Banks Support Easier Credit Card Cancellation

30 March 2017
Banks will look at ways of making it easier for customers to cancel a credit card, after supporting key changes recommended in the Code of Banking Practise review.

Easier ways to cancel credit cards

The review of the Code of Banking Practice made 99 recommendations, including allowing simpler credit card cancellation, and prohibiting banks from offering higher credit limits on cards unless requested by the customer.

Diane Tate, Executive Director of Retail Policy at the Australian Bankers Association (ABA), said the banking industry fully supports 61 of the recommendations, and somewhat supports a further 29.

“The remaining nine we either need more time to consider, or are not in a position to adopt,” Ms Tate said.

“In most cases where the industry does not support a recommendation, we have put forward an alternative that addresses the underlying intent of the recommendation.”

Despite Labor Senator Katy Gallagher’s claims that the ABA rejected the recommendation to allow simple online calculation of credit cards, Ms Tate said the ABA fully supported that recommendation.

“Each bank will look at how they can make it easier for customers to cancel their credit card, whether that’s online or another way that takes less time and effort than the current process,” Ms Tate said.

Senator Gallagher also said the ABA rejected or did not fully agree to “calls to stop unsolicited offers to increase one’s credit limit”, but Ms Tate said this comment is “misleading”.

“In terms of credit limits, the law states that customers have to choose to receive offers to increase their credit limit, therefore banks are not making ‘unsolicited’ offers to increase credit limits,” Ms Tate said.

The ABA admitted that their industry code of conduct is difficult for consumers to relate to, and have pledged to rewrite the majority of the Code to boost consumer protections.

“The new Code will have a clear commitment to ethical behaviour by banks, in a similar way that the Banking and Finance Oath demonstrates a personal commitment to high ethical standards,” Ms Tate said.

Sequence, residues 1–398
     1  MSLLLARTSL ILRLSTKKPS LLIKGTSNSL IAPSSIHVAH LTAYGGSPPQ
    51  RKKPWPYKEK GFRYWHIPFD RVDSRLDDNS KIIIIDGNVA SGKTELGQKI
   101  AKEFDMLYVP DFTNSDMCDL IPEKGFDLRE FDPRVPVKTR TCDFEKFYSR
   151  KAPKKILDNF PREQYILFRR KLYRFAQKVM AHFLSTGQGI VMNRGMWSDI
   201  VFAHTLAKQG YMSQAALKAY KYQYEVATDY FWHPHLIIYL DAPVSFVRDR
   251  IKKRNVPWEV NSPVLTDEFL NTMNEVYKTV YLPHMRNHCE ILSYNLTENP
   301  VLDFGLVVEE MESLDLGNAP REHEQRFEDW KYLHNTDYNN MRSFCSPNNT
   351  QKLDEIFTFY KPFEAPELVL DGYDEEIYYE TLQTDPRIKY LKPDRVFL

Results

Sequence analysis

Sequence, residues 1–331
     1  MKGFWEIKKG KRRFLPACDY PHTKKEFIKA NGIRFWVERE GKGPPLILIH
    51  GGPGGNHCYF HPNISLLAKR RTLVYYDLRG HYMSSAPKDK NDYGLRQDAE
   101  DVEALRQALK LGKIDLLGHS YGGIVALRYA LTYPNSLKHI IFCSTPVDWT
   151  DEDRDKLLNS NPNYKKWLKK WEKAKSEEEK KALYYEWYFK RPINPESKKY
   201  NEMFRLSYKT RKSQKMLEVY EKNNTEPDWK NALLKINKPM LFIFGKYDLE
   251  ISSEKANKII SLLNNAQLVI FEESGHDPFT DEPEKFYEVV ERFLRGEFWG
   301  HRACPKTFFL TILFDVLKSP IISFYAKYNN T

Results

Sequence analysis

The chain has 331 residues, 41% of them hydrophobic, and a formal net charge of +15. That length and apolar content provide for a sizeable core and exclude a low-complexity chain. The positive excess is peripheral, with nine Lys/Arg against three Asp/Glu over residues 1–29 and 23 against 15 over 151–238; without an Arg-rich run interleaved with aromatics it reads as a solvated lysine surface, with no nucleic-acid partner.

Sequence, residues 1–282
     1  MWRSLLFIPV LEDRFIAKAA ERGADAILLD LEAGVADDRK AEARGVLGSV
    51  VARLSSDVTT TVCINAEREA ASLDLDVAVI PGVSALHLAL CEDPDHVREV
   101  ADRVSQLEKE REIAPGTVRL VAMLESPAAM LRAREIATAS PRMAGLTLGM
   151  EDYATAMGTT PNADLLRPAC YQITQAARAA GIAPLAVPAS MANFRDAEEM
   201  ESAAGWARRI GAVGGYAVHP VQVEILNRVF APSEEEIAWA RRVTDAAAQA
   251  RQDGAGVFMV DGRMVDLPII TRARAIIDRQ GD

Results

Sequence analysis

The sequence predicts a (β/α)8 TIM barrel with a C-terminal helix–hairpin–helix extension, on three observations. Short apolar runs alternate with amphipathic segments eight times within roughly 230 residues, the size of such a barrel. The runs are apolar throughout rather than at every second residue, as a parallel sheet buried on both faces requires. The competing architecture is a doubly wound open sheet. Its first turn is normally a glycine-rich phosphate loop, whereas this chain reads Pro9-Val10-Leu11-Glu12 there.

“The Code will be redrafted in plain English so it is easier to read and our customers can better understand banks’ commitments to them, as well as their rights and responsibilities.”

The ABA aims to have a new Code redrafted by the end of the year.

What is the Code of Banking Practice?

The Australian Banker’s Association Code of Banking Practice sets the standards for what is considered good banking practice when dealing with individuals or small businesses.

Initially published in 1993, the Code is designed to protect the rights of these consumers and small businesses, and it has been amended twice, in 2004 and again in 2013.

The Code covers four key areas of banking practice:

  • Key commitments and general obligations
  • Banking services practices
  • Resolutions of disputes, monitoring and sanctions
  • Information banks give you about banking services

What changes is the ABA considering?

ASIC’s Executive General Manager, Phil Khoury, conducted an independent review of the Code of Banking Practice in early 2017, and he found a total of 99 recommendations to be made.

To see a full list of the amendments Mr Khoury and his team have recommended, you can read the report. Most of the changes pertain to:

  • A detailed commitment to fair and ethical behaviour
  • Making financial hardship support programs more accessible to those experiencing financial difficulty
  • Ensuring the contribution of small businesses and farmers is both recognised and supported

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